May 2006
Volume 47, Issue 13
Free
ARVO Annual Meeting Abstract  |   May 2006
The Effect of Conventional and Silicone Hydrogel Contact Lenses Wear on the Tear Film
Author Affiliations & Notes
  • M.M. Lira
    University of Minho, Braga, Portugal
    Physics,
  • M.E. C. D. Real Oliveira
    University of Minho, Braga, Portugal
    Physics,
  • E.Y. Vilar
    Optics and Optometry, University of Santiago of Compostela, Santiago of Compostela, Spain
  • J. Azeredo
    University of Minho, Braga, Portugal
    Biological Engineering,
  • L. Santos
    University of Minho, Braga, Portugal
    Biological Engineering,
  • Footnotes
    Commercial Relationships  M.M. Lira, None; M.E.C.D. Real Oliveira, None; E.Y. Vilar, None; J. Azeredo, None; L. Santos, None.
  • Footnotes
    Support  None
Investigative Ophthalmology & Visual Science May 2006, Vol.47, 116. doi:
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      M.M. Lira, M.E. C. D. Real Oliveira, E.Y. Vilar, J. Azeredo, L. Santos; The Effect of Conventional and Silicone Hydrogel Contact Lenses Wear on the Tear Film . Invest. Ophthalmol. Vis. Sci. 2006;47(13):116.

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      © ARVO (1962-2015); The Authors (2016-present)

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Abstract
 
Purpose:
 

The aim of this study was to evaluate the effect of one conventional hydrogel and four silicone hydrogel daily wear contact lenses on the volume and stability of the tear film. The tests were performed with a group of patients with no previous contact lens experience before and after 6 months of contact lenses wear.

 
Methods:
 

Tear film stability and volume were monitored on 49 eyes before and after contact lenses wear. The contact lenses tested were: 10 Galyfilcon A, 7 Balafilcon A, 10 Lotrafilcon A, 7 Lotrafilcon B and 15 Etalfilcon A. Each silicone hydrogel lens was used for 1 month and the conventional hydrogel for 15 days. Tests to assess the tear film stability: Break–up–time (BUT): – Time of lachrymal rupture: since the last blink until the appearance of the first dark zone; Non Invasive Break Up Time (NiBUT): – In a biomicroscope at 16x magnification, the Keeler Tearscope Plus, with the help of a grid insert, was used to observe the regularity of the image of the grid. Tests to assess the tear volume: Total Tear Meniscus Height: – Observed in a slit lamp with a milimetric eyepiece: Phenol Red Test: – It was measured the length of the thread which colour was modified from yellow to red because of the effect of the tear pH.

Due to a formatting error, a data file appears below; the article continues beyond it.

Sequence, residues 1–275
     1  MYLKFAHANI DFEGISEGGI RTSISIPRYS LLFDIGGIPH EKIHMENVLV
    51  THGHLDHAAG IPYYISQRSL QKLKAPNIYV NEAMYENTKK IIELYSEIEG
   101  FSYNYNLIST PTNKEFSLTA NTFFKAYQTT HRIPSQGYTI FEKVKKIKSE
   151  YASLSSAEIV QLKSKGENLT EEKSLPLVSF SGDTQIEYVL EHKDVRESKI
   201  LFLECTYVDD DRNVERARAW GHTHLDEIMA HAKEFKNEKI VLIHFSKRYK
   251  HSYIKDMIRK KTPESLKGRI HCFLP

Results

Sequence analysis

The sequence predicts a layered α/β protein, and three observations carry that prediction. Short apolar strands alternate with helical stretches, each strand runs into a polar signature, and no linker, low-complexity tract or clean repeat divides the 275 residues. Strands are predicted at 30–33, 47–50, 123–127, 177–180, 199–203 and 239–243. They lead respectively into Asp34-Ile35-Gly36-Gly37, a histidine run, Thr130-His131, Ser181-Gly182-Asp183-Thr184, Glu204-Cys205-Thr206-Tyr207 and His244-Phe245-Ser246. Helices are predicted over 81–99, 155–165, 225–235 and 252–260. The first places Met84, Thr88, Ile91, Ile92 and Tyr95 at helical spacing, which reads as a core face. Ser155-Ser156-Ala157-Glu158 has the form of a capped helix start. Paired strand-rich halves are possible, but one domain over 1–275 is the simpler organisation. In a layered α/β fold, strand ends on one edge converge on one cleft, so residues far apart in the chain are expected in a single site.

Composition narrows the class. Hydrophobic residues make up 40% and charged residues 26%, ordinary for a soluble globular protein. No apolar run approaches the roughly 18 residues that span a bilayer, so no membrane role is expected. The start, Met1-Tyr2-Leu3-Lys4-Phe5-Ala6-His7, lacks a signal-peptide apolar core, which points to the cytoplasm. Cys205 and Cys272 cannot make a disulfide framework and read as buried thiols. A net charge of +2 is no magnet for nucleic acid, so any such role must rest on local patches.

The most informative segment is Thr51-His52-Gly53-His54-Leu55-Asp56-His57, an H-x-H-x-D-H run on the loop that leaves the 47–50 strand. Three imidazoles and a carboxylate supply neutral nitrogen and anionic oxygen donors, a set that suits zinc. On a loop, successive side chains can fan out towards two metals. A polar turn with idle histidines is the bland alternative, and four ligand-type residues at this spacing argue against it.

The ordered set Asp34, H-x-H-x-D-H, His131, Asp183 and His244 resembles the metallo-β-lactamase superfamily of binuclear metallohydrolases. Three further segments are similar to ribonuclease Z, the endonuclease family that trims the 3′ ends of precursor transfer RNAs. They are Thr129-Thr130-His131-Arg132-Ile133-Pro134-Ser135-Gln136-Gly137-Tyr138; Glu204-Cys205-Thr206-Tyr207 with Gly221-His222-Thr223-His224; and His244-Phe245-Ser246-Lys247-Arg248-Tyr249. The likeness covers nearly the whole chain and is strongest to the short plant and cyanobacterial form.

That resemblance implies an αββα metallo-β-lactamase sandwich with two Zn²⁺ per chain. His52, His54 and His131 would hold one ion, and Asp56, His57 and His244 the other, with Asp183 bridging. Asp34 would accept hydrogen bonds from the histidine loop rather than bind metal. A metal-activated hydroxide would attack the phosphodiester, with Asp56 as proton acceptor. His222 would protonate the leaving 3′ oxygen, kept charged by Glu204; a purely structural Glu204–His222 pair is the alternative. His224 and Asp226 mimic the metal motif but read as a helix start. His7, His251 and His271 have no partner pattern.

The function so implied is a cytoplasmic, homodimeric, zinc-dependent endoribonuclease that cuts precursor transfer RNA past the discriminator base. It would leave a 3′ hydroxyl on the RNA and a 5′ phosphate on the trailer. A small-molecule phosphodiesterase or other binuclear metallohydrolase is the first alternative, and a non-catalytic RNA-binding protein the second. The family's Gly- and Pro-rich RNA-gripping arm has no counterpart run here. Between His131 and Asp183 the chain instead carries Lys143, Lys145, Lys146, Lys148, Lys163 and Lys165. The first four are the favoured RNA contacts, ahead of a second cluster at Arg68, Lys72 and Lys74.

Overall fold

Results:
 

USAN: United States Adopted Name BUT (a): medium values for BUT in the first day, in secs BUT (b): medium values for BUT after 6 months, in secs NiBUT (a): medium values for NiBUT in the first day, in secs NiBUT (b): medium values for NiBUT after 6 months, in secs Red Phenol (a): value in the first day, in mm Red Phenol (b): value after 6 months, in mm Meniscus (a): value in the first day, in mm Meniscus (b): value after 6 months, in mm 

 
Conclusions:
 

– Apparently the tear film stability reduces whereas tear film quantity increases after contact lenses wear of all types . However on account of the limited number of patients involved in the study the difference are not statistically different.

 
Keywords: contact lens • cornea: tears/tear film/dry eye • clinical research methodology 
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